If you don't want to retain your cookies and are happy to log in every time you visit, set your browser to clear your cache/cookies whatever when you exit said browser.

 

Here's a link to our Privacy Policy for those interested.

 

 

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17 hours ago, Petra Jane said:

Yes, the site does use cookies, purely to allow you to remain logged in from visit to visit.

 

If you don't want to retain your cookies and are happy to log in every time you visit, set your browser to clear your cache/cookies whatever when you exit said browser.

 

Here's a link to our Privacy Policy for those interested.

 

 

I personally have no issue with Transpulse's cookies.  I am curious about something regarding the expiration dates, but that can be for a DM discussion.  What is most important to me is there are no third-party tracking cookies on Transpulse.  

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  • 6 months later...

Progress Report:

 

I am near to being Big Tech Free, which is a goal I set for myself this year.  I am sharing this because this isn't that hard for the a reasonably computer-literate person to achieve with a bit of education.  If you don't like Big Tech all up in your business, then these are some steps you can take.

 

Here are some of the things I've done to become Big Tech Free:

  • I bought a laptop which was Linux friendly.  I am running Ubuntu Linux with the Mate desktop.  Linux is entirely Open-Source, which means anyone can read the source-code and see whether or not it is spying on you.  Ubuntu is also part of the Debian Linux family of Linux, which is super secure.
  • I use different browsers for different things, so browsers can only see the cookies and cache for their sites.  If you use a Google service (like Youtube), I use Google Chrome, and Chrome is used for nothing else.  Firefox is for Amazon.  I use Brave for banking.  VIvaldi is my main browser with certain cookies blocked.  I am not quite done with facebook, but I use Opera for facebook and nothing else. I am deleting facebook soon.  I don't use facebook properties WhatsApp and Instagram.
  • I have a phone with a de-Googled Android.  This means all the Google Apps have been removed, and securities have been put in place to maintain integrity of security.  Apps are drawn from Fdroid which is an Open Source app store, and Aurora.
  • I use a VPN and TOR for internet connections.  VPN encrypts all data in and out of your computer or device to a server somewhere in the world (there are servers all over), and then the server interacts with websites on you behalf to obscure you IP address.  TOR stands for The Onion Router is a way to bounce through three servers to get to websites, and no server is fully aware of the whole path internet requests are being routed through.  IP addresses can be geo-located, so using VPNs and TOR I keep websites from knowing where I am.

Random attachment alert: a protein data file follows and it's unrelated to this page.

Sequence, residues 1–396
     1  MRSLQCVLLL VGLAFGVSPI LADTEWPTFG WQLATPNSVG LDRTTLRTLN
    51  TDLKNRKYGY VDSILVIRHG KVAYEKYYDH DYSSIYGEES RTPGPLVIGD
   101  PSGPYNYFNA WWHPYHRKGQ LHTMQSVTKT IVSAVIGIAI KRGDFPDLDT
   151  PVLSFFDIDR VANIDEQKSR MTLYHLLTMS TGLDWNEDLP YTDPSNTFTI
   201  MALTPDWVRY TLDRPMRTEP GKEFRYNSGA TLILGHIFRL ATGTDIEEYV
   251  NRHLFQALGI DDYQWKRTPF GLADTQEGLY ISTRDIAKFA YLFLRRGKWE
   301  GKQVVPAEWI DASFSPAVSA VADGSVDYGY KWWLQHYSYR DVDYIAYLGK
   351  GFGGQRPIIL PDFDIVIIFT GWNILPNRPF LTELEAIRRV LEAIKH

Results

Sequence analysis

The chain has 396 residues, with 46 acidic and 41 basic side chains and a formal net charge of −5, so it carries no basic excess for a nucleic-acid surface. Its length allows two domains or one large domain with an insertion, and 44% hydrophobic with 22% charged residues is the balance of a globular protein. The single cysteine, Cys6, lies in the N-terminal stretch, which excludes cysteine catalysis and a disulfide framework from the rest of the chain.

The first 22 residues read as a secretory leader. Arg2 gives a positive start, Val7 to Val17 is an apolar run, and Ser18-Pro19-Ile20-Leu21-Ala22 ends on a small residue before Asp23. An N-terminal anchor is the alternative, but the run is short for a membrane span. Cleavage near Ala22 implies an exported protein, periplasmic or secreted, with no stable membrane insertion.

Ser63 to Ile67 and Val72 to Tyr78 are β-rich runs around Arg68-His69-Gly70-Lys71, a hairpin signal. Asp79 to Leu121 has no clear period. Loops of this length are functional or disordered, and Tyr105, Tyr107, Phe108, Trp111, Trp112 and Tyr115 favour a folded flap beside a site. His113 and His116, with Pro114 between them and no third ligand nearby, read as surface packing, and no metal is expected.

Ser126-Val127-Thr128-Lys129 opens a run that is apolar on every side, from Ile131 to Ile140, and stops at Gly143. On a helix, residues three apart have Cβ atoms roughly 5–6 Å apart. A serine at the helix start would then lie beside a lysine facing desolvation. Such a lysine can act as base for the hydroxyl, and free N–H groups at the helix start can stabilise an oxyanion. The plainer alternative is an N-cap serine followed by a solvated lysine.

• I use Jitsi for video conferencing if possible.  If I have to use Zoom, I create a virtual machine to run Zoom on.  I delete that machine when the Zoom call is over.  Zoom is horrible.  Virtual machines are surprisingly easy to create and use.  VMWare Workstation Player is free, works on all major platforms, and runs in a window.  You can basically run an isolated computer environment on your computer and switch between them.  The native operating system cannot see what is happening in the VM and the VM cannot see what is happening in the native operating system.
  • I have replaced using Facebook Messenger with Signal. Signal is end-to-end encrypted, and Open-Source.
  • For email, I  use Protonmail out of Switzerland.  A basic account is free.  I pay for enhanced features for my business, and to have multiple users.  Protonmail is encrypted from me to Protonmail's servers and stored encrypted on their servers.  Each customer has their own encryption keys which not even Protonmail knows.  The data is unecrypted for outside users, but remains encrypted end-to-end with other Protonmail users.  If I want end-to-end encryption for non-Protonmail users I can send the intended recipient a password to allow un-encryption on their end.  This works because of what is called asynchronous encryption.

I have a few things to do yet to complete the move to privacy online.  I need to get rid of facebook for good, and start feeding some sites disinformation on myself.  I want to find ways to automate that to some extent.